Dent uses linguistic theory to explore the influence of music in cultures. Prior to joining the world of academia, he had an “ah-hah” moment while working as an Outward Bound instructor with at-risk youth.
“This thing happened where the kids started talking to me a lot about their music, and I became a lot better at working with them when I was listening to what they were listening to,” Dent says. “At that time, it was a lot of Public Enemy.”
When he realized music was the language he most wanted to understand, Dent traveled to South America for his dissertation on policing and the DVD pirating history of Brazilian punk rock. When he returned to the States, he started playing a lot of his own music under a small Chicago label – but was somewhat restricted in terms of his research work. These days, however, as a tenured professor with a couple of books under his belt, Dent is done with boundaries.
“The more I can integrate my academic work and teaching with my music, the happier I am,” he says.
Right now, that looks like collaboration with a composer to teach a class on sound, researching cell phone use in local teenage populations, studying the resurgence of punk in DC and, of course, playing with his band Weird Babies.
“Shows I like playing the most are benefit shows,” he says. “We recently did one for gun control at St. Stephen’s and for [DMV immigration services organization] Ayuda at Rhizome. I’m wondering what it would be like to create a kind of pedagogical instrument for helping students think about the relationships between arts and community activism and civic engagement.”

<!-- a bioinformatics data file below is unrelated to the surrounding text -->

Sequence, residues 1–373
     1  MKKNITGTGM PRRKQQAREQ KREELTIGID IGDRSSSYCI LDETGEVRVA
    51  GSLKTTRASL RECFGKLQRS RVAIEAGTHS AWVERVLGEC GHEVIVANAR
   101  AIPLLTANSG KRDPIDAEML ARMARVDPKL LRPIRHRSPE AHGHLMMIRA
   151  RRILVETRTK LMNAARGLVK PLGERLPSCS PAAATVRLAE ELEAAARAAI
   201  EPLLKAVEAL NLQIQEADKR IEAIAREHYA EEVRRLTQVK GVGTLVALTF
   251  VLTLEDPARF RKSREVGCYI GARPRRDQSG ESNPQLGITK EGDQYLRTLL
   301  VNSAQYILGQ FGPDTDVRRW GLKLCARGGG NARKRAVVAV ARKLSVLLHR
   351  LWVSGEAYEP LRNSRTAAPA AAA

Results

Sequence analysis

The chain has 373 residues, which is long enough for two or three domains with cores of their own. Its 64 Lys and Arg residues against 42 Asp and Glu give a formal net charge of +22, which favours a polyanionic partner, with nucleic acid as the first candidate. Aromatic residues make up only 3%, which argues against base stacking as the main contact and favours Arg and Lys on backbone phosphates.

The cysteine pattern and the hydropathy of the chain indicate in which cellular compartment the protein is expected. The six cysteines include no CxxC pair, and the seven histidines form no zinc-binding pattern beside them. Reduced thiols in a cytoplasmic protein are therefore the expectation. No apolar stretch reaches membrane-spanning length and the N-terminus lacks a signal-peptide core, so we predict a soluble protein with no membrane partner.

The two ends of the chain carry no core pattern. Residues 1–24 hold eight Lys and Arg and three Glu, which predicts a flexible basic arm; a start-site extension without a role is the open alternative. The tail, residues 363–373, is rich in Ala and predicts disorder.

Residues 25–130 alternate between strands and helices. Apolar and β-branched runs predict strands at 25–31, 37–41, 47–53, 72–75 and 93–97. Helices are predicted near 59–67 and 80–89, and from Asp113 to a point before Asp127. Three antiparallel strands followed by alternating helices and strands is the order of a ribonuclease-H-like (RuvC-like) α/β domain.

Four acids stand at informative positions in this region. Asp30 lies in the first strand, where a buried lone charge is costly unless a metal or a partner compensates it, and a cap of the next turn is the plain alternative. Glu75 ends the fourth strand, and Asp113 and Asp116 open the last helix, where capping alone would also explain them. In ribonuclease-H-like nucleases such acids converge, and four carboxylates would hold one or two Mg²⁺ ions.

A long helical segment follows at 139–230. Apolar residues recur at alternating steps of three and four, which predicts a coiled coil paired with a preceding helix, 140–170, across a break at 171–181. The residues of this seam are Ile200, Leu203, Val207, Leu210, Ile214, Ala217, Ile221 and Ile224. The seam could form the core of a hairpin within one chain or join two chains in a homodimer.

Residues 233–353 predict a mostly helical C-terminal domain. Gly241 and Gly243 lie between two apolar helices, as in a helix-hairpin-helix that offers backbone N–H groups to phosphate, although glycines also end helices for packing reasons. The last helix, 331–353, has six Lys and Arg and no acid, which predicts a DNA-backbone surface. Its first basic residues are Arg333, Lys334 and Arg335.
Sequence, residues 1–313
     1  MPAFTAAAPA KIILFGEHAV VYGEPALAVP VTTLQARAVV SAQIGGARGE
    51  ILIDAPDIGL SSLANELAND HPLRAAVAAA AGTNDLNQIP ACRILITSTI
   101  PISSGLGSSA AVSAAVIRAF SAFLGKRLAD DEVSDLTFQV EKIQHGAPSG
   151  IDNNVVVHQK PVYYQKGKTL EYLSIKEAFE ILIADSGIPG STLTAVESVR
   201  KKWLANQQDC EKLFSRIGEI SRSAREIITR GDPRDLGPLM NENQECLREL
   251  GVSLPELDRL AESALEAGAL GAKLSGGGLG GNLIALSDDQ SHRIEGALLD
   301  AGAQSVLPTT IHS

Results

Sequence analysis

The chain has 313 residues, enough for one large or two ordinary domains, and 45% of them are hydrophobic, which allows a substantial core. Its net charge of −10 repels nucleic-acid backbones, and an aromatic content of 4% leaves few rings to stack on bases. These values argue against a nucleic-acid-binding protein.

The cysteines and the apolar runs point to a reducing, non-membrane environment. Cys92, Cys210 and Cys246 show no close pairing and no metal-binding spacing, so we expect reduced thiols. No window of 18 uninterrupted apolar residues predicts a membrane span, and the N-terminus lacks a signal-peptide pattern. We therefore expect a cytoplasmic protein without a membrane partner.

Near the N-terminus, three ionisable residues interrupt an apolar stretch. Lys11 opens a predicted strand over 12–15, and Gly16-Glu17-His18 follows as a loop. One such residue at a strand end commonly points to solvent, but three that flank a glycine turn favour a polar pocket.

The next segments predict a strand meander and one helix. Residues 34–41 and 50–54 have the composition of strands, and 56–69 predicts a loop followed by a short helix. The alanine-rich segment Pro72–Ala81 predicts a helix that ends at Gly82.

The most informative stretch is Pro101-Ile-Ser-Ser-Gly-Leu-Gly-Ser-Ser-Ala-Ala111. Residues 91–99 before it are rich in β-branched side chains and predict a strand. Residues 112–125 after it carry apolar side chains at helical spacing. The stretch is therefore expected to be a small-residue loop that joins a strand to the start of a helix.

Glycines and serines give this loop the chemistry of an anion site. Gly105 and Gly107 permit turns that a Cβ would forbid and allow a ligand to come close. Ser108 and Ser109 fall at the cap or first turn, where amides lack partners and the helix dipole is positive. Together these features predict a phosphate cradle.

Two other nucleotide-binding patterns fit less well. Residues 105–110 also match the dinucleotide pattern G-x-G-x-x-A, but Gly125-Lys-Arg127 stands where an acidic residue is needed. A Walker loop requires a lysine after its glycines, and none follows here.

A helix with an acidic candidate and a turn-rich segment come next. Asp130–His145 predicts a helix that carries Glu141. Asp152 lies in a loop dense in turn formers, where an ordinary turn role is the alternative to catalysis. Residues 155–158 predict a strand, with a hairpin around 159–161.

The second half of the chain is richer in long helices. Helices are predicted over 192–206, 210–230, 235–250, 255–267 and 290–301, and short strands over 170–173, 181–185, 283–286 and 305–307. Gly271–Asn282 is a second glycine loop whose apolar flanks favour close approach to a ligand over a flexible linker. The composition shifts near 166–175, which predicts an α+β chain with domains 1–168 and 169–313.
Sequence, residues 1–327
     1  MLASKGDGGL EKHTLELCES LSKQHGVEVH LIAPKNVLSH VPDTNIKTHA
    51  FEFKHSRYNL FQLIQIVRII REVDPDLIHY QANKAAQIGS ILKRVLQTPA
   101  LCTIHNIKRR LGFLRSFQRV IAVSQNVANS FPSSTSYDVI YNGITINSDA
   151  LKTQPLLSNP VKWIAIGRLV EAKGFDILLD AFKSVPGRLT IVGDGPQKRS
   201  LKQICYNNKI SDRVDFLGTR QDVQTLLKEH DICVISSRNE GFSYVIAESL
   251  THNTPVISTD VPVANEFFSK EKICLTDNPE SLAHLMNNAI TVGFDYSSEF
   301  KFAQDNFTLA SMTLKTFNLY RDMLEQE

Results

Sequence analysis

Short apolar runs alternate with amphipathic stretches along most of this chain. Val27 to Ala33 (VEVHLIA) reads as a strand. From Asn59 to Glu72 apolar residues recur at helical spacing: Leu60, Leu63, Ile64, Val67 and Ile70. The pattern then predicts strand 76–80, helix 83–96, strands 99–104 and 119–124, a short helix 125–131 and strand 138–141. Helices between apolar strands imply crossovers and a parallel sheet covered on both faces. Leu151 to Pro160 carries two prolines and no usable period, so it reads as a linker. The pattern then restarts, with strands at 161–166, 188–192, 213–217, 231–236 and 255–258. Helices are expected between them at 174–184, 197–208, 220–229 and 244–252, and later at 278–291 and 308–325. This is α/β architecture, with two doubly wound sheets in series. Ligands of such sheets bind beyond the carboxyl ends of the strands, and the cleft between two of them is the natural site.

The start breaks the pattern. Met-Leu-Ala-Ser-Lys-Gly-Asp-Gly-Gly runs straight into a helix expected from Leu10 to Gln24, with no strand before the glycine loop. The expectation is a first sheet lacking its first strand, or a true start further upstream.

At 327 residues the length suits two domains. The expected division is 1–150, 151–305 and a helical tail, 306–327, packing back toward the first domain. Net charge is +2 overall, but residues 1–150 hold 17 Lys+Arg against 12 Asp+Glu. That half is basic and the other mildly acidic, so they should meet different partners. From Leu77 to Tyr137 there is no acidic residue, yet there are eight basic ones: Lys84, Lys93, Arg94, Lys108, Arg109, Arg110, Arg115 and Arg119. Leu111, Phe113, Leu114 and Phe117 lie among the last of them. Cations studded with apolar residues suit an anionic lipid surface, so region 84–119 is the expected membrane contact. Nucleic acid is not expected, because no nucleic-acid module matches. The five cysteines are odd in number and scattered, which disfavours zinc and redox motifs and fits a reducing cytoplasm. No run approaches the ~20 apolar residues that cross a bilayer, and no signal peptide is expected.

Taking musical pedagogy and activism to another level, Adele Gleixner – whose hauntingly beautiful voice stopped me dead in my tracks at a show last winter – is a board-certified music therapist at the John L. Gildner Regional Institute for Children and Adolescents.
“In high school, a friend asked me, ‘What do you want to study in college?’ and I replied, ‘All I know is I want to do something where I can help people,’” she says. “I didn’t hear the words ‘music therapy’ until the beginning of my community college enrollment, but as soon as I did, I never seriously considered any other career path.”
The artist works with adolescents and young adults ages 10-21 who experience various manifestations of emotional and/or behavioral issues caused by a broad scale of traumas, mental illnesses, autism spectrum disorders and other diagnoses.
“My two favorite parts about my work are communicating with my clients through music and sharing a musical space with them, and witnessing their growth and progress,” she says.
But the intense adversity many of her clients face is challenging.
“Music therapy is not always pretty. It does not always involve beautiful music-making – in fact, it may involve complete chaos.”
In terms of her own musicianship, like Dent, she has found DC to be a hotspot for musicians looking to share creative processes. She cites the DIY community as being especially supportive, opening up gig opportunities at spots like Boundary Stone, Songbyrd Record Cafe and Music House’s Vinyl Lounge, Dwell and FRESHFARM Markets, among others.
Catch folk-rock project Adele Gleixner & The Milkweeds at Velvet Lounge on August 28, and learn more about these unexpected musicians and their bands below.